As initially outlined in the brief sequence given above, meditation practice begins with an out-breath, allowing the in-breath to establish the rhythm.
In observing this breathing process over time, we gain insight, from which we develop our own direction and understanding while being in receipt of the therapeutic benefits of meditation that progressively establish themselves in our daily lives.
We begin to experience inner poise, and, almost imperceptibly, there steals over us a sense of well-being which melts rigidity and scepticism.
Selfishness, hang-ups, prejudices, egotism, aggression, abusiveness, self-neglect, and other defects begin to disappear, and are replaced by empathy, concern for others, self-care and a selfless attitude towards all. A feeling-tone of peace and contentment begins to replace the toxicity of anxiety and low mood that many addicts in recovery can be plagued with.
This transformation clearly does not happen as we rise from our first sitting.
The ups and downs of “life on life’s terms” continue to present themselves as we establish a discipline of regular sitting. Steady progress creates a receptivity that allows the benefits of practice to accrue incrementally which includes by default an increased impetus of the spiritual endeavour suggested by Step Eleven.
When practising in our own space we wear clean baggy clothing, sitting on a cushion in a personally comfortable, perhaps cross-legged, posture that can be held for a period of time without being too awkward, keeping the hands open in the lap to form an oval shape. Alternatively, we can rest the wrists on the knees with the thumb and index finger touching. These positions help establish the meditative mind-set.
Meditation uses the breath functionally, to keep the mind from wandering, by employing the pragmatic technique of counting: one, on the first exhalation, two, on the second, three on the next… and so on up to ten at which point we return to one.
While counting, we breathe naturally; letting the breath follow its own course, simply remaining aware, noticing the fineness or coarseness, the shallowness or depth, the warmth or coolness of the air stream as it crosses the nasal membrane, maintaining the effort on the out-breath.
We attempt to become completely absorbed in this process.
However: when the mind inevitably wanders, we simply return it gently to the point of focus, developing a continuum which allows the cultivation of concentration conducive to unbroken steadiness over time. It is this process of ‘repeat attention’ while monitoring focus that constitutes the ‘mindfulness’ component of the original practice of formal meditation while also not letting thoughts or recollections distract us. When we notice these, we simply maintain detachment; confident that the distractions will disperse naturally provided we don’t pay them any attention.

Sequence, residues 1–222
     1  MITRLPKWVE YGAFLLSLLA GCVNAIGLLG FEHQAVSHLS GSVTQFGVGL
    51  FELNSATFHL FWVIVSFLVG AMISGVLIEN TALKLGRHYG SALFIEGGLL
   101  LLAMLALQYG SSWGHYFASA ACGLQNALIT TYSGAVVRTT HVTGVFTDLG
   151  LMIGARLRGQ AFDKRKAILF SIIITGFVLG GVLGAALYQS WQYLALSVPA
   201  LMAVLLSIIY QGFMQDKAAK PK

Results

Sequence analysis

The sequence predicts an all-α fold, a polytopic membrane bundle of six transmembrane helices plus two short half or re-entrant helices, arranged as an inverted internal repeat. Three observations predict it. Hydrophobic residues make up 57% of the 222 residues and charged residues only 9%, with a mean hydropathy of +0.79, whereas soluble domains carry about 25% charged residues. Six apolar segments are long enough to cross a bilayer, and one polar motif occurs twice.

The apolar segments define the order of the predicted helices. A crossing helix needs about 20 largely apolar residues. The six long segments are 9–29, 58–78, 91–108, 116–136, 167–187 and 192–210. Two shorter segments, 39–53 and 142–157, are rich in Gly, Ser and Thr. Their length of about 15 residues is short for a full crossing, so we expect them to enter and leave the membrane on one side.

We cultivate an enhanced sense of ‘conscious awareness’ by way of this process.
Over time, we become able to sit for perhaps twenty minutes before seamlessly interspersing the sitting with a brief contemplative walking period while maintaining continuity of focussed breath awareness. The walking serves to refresh blood circulation prior to once more assuming the sitting posture.
Two sitting periods of twenty minutes, followed by walking would normally suffice as a single session on a daily basis. We build up to this.
Between our formal sittings, we develop the ability to maintain an attitude of focussed ‘mindful’ awareness while going about our daily work and recreational activities. As a consequence a natural continuum of conscious awareness can be cultivated in the here-and-now-present-moment as we gain experience through the consistency of daily sitting.
Meditation, being an energy-generating dynamic activity, can progressively help dissolve any residue of past and/or present trauma, unresolved grief, and other lingering obstacles that threaten relapse while supporting progress in abstinence-based recovery.
Indeed: the potential for ‘conscious contact’ is now realisable which in turn potentiates one’s innate capacity to convey to others by personal example the achievement of redemptive emancipation from active addiction. One has the opportunity to become a living embodiment of the message implicit in the wording of Step Twelve:
“Having had a spiritual awakening as the result
of these steps, we tried to carry this message to
alcoholics, and to practice these principles in all